Important Personal Qualities for software developer

Backender feels good, he can be an introvert 🙂 His area of work with users is reduced to a minimum, basically, all working contacts with managers or colleagues. These guys often work according to the TOR and do everything as it is written in the document or in such a way as to get the state as close as possible to the target (TOR, you know, are also imperfect, or even not at all …).

However, there is a set of qualities without which you should not think about the direction of the backend. They may seem to you like the qualities of an employee who is needed by a “young dynamically developing team”, but no, we are talking about internal imperatives that will help not only do the job well, but also do it with inner comfort (and not “get rid of “).

A responsibility. Indeed, the backender is responsible for literally everything: for data to be saved, for relational tables to work as they should, for time zones to be taken into account, for the site to be nimble, etc. And if the crooked navigation from the front-end will lead to a couple of angry screams from users, then a back-end error can be very expensive – in the literal sense (for example, if business data is no longer saved for some reason or the separation of access rights in some CRM- system).

Care and attention to detail. Again, there are no trifles in the backend, so you need to carefully design the connectivity of all components and not miss anything.

Employability. Procrastination is a dangerous enemy of a backender, he must be able to work with concentration, sometimes in an extremely short time, so “cutting the code with laziness” is, please, in a pet project or already in a team lead state (there are enough other tasks).

Logical thinking and analytical mindset. It is understandable.

Ability to get things done, result oriented. In the backend, the result is important – a correctly and expectedly working application.

Ability to switch to macro tasks. It often happens that you need to leave the code of one part of the project and implement a fairly large function. This is not easy, because the programmer is already immersed in architecture and logic. The ability to switch without much problem for tasks is almost Jedi.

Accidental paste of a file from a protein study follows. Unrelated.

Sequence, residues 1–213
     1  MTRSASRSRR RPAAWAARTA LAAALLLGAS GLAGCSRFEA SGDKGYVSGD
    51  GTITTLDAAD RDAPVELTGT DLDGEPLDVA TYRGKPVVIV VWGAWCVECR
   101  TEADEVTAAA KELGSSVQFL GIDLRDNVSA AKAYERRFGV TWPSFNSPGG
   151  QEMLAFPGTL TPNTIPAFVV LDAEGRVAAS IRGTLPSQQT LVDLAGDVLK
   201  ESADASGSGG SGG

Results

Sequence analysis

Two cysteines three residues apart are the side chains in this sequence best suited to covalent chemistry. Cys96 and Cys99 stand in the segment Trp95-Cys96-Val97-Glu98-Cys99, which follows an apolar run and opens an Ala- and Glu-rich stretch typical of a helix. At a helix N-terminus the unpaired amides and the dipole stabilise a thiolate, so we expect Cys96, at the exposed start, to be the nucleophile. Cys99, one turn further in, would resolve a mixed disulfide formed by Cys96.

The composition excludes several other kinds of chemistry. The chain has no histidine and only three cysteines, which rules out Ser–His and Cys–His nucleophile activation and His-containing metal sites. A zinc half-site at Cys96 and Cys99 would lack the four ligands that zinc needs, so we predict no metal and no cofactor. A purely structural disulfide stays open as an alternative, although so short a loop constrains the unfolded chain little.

Planning and execution skills. The backend of any project is a collection of diverse tasks. And if you are the only backender of the project or you and your colleagues have a poorly implemented division of labor, only planning will save you from rush jobs, fakups and disruption of deadlines. Rigid planning for yourself and time is the key to calm work with virtually no overtime (which happens more often with backenders than others).

Teamwork skills. You will need to interact with a single development team for a single application, which means discussions, but not conflicts, refactoring, but not insults, defending your position, but not boycotts. If an evil introverted backender does its job perfectly, commits and washes its hands, users will not be able to appreciate its work for a long time – because you need to “assemble” the project as part of the whole team, and not fence off on the principle of “no foot to the frontend”.

The need for knowledge of foreign languages

Here’s what was written for a front-end developer.

For any programmer, English is highly desirable not lower than upper-intermediate with a bias in technical English. So you will be able to read in the original numerous recommendations from Google and other companies for optimal development (a lot of useful documentation!), self-educate yourself with the help of foreign lectures, communicate with colleagues on forums, ask questions, and read books on usability and design, among which are very a lot of cool English-language and not yet translated publications.